So you're thinking of holmschooling
If you teach yourself how to be a full stack developer using Treehouse or Lynda while you're a high schooler, you could possibly find a job at 18 instead of going $60,000 in debt going to university for four years. With no debt, you could work at max out your 401k and IRA for $25,000 a year ($19k per year limit in your 401k, $6k per year limit for your traditional IRA at Vanguard) and invest in index funds (S&P500 index fund or Total Stock Market index fund) from age 18-22. Having $100,000 in retirement at age 22 ($25k * 4) would compound over 38 years (assuming 8% interest) to be worth $1,862,527 by the age of 60. That's the opportunity cost of college if you taught yourself to program in high school instead of college. Assuming a 4% withdrawal rate of your retirement account at age 60, just working as a programmer from age 18-22 and maxing out your 401k and IRA would permit for a $74,501 a year salary when you retire ($1862527 * .04). That's a healthy retirement, in my opinion. Obviously you have to account for inflation, but that's not bad for just four years of work. That's the magic of compound interest multiplied by long lengths of time invested in index funds. You could even, I daresay, work longer and sock more money into retirement, or start saving in a post-tax account (also invested in index funds at Vanguard) and accumulate enough to cover your expenses per year to become financially independent and retire early if you live frugally and save more than 50% of your take-home pay. Even if you go to college, maxing out your 401k and IRA from age 22-32 is another great way to ensure a comfortable retirement: $250,000 (10 years * $25k) compounding at 8% for 28 years (age 32-60) is $3,374,382 at age 60. That's probably more than you need, which means you can switch to focusing on saving for a post-tax account so that you can fund an early retirement until you hit 60 and can withdrawal from your 401k/IRA. Having an above-50% savings rate is easy if you live frugally and don't have college debt.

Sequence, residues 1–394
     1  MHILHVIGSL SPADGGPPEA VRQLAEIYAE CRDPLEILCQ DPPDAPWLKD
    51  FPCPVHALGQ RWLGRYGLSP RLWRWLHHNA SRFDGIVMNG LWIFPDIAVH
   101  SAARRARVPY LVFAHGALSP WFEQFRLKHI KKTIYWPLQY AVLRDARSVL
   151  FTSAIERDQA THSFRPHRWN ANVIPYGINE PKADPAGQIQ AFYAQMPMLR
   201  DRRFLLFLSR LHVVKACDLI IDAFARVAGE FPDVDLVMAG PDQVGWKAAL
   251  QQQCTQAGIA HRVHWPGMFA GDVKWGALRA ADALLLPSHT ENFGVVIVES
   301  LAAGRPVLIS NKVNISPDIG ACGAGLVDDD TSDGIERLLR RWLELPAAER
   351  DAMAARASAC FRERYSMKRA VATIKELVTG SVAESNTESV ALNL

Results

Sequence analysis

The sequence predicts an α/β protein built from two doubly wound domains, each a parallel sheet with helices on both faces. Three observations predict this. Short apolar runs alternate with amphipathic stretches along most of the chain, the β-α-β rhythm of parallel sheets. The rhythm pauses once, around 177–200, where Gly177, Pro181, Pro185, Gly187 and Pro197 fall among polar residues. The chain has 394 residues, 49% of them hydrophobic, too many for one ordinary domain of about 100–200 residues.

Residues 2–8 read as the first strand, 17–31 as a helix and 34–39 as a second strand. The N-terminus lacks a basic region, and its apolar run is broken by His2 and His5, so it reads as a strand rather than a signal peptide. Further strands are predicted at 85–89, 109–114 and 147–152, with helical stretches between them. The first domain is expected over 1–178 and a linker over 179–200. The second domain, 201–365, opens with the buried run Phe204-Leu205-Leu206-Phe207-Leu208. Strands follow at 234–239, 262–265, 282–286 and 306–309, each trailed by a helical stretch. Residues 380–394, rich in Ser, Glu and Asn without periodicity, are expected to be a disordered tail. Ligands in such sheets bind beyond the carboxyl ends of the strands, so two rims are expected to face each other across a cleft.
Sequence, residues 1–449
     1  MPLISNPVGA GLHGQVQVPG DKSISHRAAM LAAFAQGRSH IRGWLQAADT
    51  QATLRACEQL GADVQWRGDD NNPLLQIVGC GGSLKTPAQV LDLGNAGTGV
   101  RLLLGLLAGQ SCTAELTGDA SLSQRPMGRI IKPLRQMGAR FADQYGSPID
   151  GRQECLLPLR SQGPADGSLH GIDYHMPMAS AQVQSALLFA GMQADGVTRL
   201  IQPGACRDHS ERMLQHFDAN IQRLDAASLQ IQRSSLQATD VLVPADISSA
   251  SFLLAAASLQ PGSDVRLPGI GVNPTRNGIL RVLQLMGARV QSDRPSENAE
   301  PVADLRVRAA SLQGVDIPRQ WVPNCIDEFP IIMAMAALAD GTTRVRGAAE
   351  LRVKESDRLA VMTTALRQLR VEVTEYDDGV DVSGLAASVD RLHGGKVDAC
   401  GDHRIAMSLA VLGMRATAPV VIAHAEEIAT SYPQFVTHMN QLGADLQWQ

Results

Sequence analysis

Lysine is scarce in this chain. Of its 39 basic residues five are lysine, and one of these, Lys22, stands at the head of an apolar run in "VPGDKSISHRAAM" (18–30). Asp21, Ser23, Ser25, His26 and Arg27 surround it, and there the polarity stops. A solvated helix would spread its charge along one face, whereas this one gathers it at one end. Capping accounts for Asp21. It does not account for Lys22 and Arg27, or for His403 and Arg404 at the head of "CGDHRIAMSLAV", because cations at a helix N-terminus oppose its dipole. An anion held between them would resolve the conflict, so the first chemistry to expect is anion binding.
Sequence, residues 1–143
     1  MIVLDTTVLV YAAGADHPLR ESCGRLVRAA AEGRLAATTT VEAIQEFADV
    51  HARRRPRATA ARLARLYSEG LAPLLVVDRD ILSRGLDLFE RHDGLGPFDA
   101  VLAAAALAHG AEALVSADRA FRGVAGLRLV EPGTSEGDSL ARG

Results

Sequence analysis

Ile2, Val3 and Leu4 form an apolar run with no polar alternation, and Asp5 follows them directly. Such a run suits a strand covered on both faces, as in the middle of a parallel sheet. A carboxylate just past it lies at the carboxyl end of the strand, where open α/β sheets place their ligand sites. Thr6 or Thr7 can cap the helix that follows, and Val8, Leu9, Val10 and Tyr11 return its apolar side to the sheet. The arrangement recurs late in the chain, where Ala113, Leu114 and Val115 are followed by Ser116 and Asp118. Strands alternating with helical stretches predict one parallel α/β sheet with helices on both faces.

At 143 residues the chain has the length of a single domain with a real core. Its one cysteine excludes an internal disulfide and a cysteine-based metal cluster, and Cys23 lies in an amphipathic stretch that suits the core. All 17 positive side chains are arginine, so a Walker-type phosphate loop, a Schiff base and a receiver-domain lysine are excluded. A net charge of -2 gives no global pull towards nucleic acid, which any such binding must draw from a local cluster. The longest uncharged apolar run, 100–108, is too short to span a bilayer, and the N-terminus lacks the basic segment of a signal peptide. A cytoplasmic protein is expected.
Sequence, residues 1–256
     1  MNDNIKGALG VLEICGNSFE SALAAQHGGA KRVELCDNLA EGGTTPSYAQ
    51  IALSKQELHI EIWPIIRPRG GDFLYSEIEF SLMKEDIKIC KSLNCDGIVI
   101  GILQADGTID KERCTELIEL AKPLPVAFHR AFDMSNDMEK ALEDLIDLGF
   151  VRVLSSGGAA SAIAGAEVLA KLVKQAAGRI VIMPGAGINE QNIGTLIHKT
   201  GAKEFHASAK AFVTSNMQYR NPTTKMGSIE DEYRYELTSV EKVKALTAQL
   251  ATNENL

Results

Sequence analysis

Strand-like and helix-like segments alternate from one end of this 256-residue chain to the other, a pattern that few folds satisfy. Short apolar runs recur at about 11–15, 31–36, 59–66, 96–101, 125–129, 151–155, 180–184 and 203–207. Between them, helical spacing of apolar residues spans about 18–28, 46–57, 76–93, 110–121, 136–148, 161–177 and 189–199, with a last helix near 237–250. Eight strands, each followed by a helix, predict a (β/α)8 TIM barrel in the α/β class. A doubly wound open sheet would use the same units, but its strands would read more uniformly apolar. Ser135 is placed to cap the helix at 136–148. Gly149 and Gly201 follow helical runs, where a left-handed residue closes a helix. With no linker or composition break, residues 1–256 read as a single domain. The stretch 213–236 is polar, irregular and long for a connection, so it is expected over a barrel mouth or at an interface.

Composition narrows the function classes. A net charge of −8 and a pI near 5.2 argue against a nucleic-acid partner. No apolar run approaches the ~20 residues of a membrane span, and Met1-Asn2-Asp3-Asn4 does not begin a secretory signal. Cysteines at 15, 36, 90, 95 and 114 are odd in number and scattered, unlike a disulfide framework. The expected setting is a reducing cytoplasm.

Open Educational Resources are books that have an open source license. That means that you can read them free online. Because computer scientists basically invented open source, computer science books are frequently open sourced. That's a good thing, it means there are ample opportunities to learn and study computer science for free online. Know what type of open educational resources are out there to discover is a good way to ensure that there are no limitations to your quest for knowledge. Money is less of a hindrance. By relying on open education instead of having to purchase expensive textbooks, you'll save money while still learning the material just as well as with a paid book. Many computer scientists are happy to open source their books in the hope that it fuels an education for people without income, so as a K-12 student, studying open educational resources for a little while so that you can find them online through google is a good way to protect your ability to learn computer science for the foreseeable future.
Now that we're aware of the benefits of a computer science job, let's start the journey of learning how to program!
TypeScript as a segue into Java
Now we're cooking with gas!
At this point you're reading college level beginning programming textbooks. You can probably move on to a common college curriculum, starting at the very beginning and reading some more complicated OER texts on Python/JS/Java to get a more thorough hold on them. Each of those three languages can be used for backend programming languages for web development (Django/Flask, Node.js, and Spring).
This Z-Degree of open source educational resources is public domain. You can use it and remix is however you wish! You can also contribute your own discoveries to it by making a Pull Request on Github